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Comments about the soundtrack for Hannibal (Hans Zimmer)

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Re: Dante's La Vita Nuova - Vide cor meum
• Posted by: Stephanie   <Send E-Mail>
• Date: Wednesday, December 15, 2004, at 12:18 p.m.
• IP Address:
• In Response to: Re: Dante's La Vita Nuova - Vide cor meum (Tony)

This touches my very being, and makes me yearn for something as pure as the music.

Was this made into a whole operatic production? Or only one scene for the movie?

If so - does anyone know where if has been or will be? I think to go and see it - I feel that it will be my 'Alchemist' - changing my life for the better.

> Waoh - I have been watching Hannibal on cable and love the film (apart
> from a few corny bits). I share all your entusiasm for Vide Cor Meum. I
> copied the song and listened to it constantly on my trip last week to
> Florence which is a beautiful city steeped in Dantean and Renaissance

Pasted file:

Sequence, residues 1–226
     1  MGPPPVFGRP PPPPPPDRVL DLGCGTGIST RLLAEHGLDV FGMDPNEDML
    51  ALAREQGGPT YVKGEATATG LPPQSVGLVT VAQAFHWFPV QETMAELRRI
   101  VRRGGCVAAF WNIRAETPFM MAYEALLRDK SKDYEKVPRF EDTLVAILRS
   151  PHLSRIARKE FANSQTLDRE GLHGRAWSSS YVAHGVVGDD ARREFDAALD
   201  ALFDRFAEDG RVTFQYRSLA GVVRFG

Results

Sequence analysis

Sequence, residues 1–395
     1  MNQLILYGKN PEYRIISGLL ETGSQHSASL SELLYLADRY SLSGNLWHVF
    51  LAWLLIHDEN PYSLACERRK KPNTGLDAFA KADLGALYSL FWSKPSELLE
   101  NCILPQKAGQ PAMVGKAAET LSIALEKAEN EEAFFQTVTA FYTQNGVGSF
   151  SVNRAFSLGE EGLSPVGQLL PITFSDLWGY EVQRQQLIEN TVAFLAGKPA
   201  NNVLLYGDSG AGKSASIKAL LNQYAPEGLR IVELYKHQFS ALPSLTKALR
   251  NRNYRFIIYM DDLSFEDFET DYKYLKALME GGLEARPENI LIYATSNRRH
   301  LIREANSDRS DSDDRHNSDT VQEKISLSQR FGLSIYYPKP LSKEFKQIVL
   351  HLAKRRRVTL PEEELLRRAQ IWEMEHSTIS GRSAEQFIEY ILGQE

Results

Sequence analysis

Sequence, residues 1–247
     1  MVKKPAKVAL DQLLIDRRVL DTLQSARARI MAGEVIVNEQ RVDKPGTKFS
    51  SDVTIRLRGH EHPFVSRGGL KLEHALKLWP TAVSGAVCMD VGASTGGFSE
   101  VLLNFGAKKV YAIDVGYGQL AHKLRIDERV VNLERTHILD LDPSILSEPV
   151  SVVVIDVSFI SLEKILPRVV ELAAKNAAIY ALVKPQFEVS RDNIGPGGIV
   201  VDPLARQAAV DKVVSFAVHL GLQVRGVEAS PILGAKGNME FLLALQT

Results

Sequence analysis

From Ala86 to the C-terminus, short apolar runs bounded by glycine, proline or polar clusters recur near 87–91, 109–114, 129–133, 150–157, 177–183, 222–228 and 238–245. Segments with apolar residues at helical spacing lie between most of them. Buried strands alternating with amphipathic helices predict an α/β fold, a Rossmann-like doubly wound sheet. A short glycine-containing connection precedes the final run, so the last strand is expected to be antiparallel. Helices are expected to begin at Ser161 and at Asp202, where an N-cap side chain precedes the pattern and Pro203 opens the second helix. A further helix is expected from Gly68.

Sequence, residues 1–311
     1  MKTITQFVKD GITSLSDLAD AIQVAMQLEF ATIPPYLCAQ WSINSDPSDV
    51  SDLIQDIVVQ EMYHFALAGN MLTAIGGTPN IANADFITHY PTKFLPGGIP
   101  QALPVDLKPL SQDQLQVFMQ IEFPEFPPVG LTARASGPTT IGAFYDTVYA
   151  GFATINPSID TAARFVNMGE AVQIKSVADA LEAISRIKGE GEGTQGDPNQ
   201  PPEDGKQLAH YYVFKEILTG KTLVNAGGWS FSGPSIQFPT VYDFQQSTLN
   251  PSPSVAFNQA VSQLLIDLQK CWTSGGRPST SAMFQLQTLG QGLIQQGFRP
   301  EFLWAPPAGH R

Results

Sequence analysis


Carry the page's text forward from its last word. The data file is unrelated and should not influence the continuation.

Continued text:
> culture. On watching the film again last night, I promised myself that I
> would find the lyrics of this libretto today, and my search has borne its
> fruit. Please find below what you have been looking for. I found it on the
> following website:
also see these websites for furter Dante resources.

let it be known that this man's
> work is not only the realm of serial killers, but of those who seek beauty
> in words.
Ps if anyone else has interesting
> comments on Dante or beautiful classical or opera music, please let me
> know,
ta ta,

> Vide Cor Meum

> He saw Beatrice Portinari across a chapel and he loved her at that instant